This Spring, we have 3 nests that are supporting eggs: a chickadee nest in a small clay birdhouse my friend made for me, a wren nest in the eves of the deck overhang, and a cardinal nest in the rose arbor.
There may be more, but so far, this is what I've discovered.
Over the years, chickadees have given the clay birdhouse serious consideration, but none has ever deemed it worthy of nest building. Why all of a sudden is it so attractive? This pair moved in last month and seem very happy with their digs.
The parents spell one another several times a day and hang out on the clothes line just long enough to sing an important "Keep Out" song, then they're off to feed and check out the neighborhood. So far no familiar frantic comings and goings with beaks full of food....
The wrens, who may remain unidentified, have sung all Spring like opera stars, loud and in your face. I don't know how so much song can be packed into such a small bird, but wrens are mighty singers! One of the sounds they make that I really love is the chittering trill...this is usually used when there is a group of wrens hanging out in the quince, running from branch to branch, communicating some precise language that has nothing at all to do with the human world.
How, I ask myself, can I know so little of something with which I live so intimately?
Wrens are like curious children, and comfortable with us here at the house, even allowing the indoor cats to watch the nest construction.
And the cardinals....who knows how they will fare this season!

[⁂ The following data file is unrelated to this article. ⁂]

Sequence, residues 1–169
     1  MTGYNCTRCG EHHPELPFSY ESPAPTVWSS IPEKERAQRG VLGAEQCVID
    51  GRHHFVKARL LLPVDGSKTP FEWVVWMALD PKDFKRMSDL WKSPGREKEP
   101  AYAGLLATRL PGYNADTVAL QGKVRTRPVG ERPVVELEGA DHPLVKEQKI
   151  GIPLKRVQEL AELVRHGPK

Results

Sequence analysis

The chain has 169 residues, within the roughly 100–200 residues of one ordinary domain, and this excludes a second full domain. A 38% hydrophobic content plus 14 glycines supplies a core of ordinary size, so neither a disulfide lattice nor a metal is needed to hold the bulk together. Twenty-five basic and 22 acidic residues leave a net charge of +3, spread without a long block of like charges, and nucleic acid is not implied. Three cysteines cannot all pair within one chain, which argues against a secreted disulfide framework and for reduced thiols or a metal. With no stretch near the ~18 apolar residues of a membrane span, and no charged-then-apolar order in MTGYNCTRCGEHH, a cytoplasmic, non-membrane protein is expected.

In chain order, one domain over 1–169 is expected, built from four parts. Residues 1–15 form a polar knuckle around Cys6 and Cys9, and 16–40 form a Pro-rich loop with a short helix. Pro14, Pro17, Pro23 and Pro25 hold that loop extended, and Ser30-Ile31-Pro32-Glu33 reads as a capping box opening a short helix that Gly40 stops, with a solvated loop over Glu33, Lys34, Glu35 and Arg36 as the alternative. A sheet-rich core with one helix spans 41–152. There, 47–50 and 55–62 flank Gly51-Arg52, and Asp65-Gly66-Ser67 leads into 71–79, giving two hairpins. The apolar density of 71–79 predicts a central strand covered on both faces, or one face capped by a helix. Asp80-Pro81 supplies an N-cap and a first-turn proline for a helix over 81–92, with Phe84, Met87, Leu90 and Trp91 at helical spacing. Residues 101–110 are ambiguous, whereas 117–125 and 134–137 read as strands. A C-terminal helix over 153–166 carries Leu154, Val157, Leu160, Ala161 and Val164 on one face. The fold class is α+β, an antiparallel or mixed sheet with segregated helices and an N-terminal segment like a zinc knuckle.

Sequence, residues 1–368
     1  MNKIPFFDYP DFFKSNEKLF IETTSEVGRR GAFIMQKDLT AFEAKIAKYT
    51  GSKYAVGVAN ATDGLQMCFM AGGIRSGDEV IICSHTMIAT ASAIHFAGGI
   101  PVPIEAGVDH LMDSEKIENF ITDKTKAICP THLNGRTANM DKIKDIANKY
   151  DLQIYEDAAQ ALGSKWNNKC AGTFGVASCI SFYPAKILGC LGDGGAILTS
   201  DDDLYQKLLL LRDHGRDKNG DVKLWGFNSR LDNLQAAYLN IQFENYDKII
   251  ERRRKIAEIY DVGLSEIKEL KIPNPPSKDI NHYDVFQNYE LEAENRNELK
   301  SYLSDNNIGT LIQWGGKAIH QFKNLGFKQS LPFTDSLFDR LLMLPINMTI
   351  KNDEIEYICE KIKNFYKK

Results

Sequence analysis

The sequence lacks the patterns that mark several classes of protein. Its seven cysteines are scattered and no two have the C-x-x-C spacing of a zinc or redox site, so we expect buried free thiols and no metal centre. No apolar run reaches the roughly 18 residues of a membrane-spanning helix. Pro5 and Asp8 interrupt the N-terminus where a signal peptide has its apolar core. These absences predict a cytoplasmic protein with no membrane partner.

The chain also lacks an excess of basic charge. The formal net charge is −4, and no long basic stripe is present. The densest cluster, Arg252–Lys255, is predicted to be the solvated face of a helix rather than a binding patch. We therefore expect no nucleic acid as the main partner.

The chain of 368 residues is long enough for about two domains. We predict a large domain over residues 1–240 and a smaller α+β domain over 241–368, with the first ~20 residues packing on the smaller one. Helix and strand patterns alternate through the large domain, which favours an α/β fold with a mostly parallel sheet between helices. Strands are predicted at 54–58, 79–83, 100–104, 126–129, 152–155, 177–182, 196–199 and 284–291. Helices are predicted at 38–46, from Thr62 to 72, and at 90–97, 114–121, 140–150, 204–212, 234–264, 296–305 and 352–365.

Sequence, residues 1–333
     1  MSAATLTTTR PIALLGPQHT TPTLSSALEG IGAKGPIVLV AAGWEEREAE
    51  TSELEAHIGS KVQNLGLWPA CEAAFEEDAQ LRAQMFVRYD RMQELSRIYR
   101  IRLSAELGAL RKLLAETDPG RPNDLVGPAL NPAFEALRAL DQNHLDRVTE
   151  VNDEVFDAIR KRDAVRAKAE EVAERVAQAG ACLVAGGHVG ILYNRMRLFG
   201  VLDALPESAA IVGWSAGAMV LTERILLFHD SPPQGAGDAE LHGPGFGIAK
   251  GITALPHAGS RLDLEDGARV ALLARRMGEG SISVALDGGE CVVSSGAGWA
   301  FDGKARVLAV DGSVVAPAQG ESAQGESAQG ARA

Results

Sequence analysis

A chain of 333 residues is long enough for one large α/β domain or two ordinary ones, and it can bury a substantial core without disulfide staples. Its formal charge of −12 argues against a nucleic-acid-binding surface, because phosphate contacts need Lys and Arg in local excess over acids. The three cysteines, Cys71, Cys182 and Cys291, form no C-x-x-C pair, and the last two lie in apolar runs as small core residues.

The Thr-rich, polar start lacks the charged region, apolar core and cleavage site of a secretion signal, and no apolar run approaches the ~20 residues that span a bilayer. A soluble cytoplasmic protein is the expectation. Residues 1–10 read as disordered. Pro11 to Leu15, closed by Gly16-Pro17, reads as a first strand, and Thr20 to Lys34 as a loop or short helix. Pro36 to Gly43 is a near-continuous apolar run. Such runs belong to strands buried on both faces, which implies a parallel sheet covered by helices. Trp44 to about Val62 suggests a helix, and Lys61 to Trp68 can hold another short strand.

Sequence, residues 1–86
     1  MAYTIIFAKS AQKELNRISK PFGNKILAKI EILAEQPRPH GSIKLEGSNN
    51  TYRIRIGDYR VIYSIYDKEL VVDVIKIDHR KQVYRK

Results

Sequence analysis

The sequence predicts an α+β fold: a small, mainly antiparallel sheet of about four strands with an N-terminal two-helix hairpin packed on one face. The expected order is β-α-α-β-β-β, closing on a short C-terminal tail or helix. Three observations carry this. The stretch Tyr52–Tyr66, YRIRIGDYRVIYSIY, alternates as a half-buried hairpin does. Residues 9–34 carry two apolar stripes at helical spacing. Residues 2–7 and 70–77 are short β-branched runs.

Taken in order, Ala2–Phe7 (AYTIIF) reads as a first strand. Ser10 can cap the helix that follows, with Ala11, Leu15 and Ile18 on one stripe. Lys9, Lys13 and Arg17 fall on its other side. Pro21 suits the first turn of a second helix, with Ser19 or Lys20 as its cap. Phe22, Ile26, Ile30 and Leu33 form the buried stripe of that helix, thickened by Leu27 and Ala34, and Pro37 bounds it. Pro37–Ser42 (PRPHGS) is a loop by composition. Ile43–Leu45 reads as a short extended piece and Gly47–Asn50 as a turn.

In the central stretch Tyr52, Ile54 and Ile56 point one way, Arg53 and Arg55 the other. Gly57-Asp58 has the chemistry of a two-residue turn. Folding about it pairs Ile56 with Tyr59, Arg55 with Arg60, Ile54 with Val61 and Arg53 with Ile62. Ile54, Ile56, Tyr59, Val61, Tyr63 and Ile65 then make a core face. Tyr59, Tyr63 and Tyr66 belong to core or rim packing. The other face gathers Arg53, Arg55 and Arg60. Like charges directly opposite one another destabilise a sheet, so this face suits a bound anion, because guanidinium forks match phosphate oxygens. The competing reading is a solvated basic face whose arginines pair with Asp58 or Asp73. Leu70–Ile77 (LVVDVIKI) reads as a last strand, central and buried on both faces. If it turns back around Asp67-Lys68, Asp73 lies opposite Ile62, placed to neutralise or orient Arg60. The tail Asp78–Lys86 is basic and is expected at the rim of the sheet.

Last Spring they built the flimsiest nest I've ever seen, it just seemed pathetic. A twig here, a piece of cellophane there, and lots of daylight in between.
It was also built in the rose arbor, but smack in the middle, so that when the eggs predictably rolled out, they both smashed open on the walkway beneath the arbor. It was really sad to see that little yellow puddle of cardinal egg yolk.
Last year's nesting pair may have been very young birds and it could have been a first nest.
Fortunately, this season's nest is far more substantial. No clear blue sky to be seen anywhere between the twigs and plastic.
And they've also placed the nest to one end of the arbor, so if eggs do roll out, they may not break on the soft moss beneath along the walkway.
Another good sign is that the female is very protective of her nest, and if we linger too long in the back yard, she lets us know with her high pitched squeaks that it's time for her to get back on the nest. She'll tolerate our walking beneath the arbor, but no slowpokes! And in this case, it's often just her little beak that I can see from the ground, very endearing.
I'm excited to experience who appears later in the month of June. It doesn't take long for everyone to begin tapping on the inside of the eggshell, make a break for it and begin the process of being!
In many ways, I'm still tapping on the inside of my eggshell. Sometimes my Sensei taps from the outside, or my best friends, my family and my husband, my Dharma family--all offer some sort of shorthand, some sort of code, in dialog to my code. Sometimes I know it and understand it, sometimes it feels as if we're all communicating under water, but faith in the process of leaving the confines of the eggshell behind is oftentimes unconscious!
When that faith becomes conscious, the Way is before us, and then the hard work begins.